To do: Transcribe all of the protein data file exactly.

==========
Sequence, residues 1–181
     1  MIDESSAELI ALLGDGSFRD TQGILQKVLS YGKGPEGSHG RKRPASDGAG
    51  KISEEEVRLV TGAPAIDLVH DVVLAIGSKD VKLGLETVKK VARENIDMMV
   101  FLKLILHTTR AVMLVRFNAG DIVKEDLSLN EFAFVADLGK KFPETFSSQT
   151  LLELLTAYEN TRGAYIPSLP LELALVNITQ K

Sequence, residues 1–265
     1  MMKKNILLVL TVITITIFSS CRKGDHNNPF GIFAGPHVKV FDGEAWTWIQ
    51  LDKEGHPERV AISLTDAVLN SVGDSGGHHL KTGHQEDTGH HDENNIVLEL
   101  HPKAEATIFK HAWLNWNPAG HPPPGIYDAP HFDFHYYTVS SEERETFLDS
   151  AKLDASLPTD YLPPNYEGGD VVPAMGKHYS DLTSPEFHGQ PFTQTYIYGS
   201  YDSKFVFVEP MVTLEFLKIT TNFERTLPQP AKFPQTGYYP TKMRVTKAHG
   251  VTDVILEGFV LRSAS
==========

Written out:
Sequence, residues 1–181
     1  MIDESSAELI ALLGDGSFRD TQGILQKVLS YGKGPEGSHG RKRPASDGAG
    51  KISEEEVRLV TGAPAIDLVH DVVLAIGSKD VKLGLETVKK VARENIDMMV
   101  FLKLILHTTR AVMLVRFNAG DIVKEDLSLN EFAFVADLGK KFPETFSSQT
   151  LLELLTAYEN TRGAYIPSLP LELALVNITQ K

Sequence, residues 1–265
     1  MMKKNILLVL TVITITIFSS CRKGDHNNPF GIFAGPHVKV FDGEAWTWIQ
    51  LDKEGHPERV AISLTDAVLN SVGDSGGHHL KTGHQEDTGH HDENNIVLEL
   101  HPKAEATIFK HAWLNWNPAG HPPPGIYDAP HFDFHYYTVS SEERETFLDS
   151  AKLDASLPTD YLPPNYEGGD VVPAMGKHYS DLTSPEFHGQ PFTQTYIYGS
   201  YDSKFVFVEP MVTLEFLKIT TNFERTLPQP AKFPQTGYYP TKMRVTKAHG
   251  VTDVILEGFV LRSAS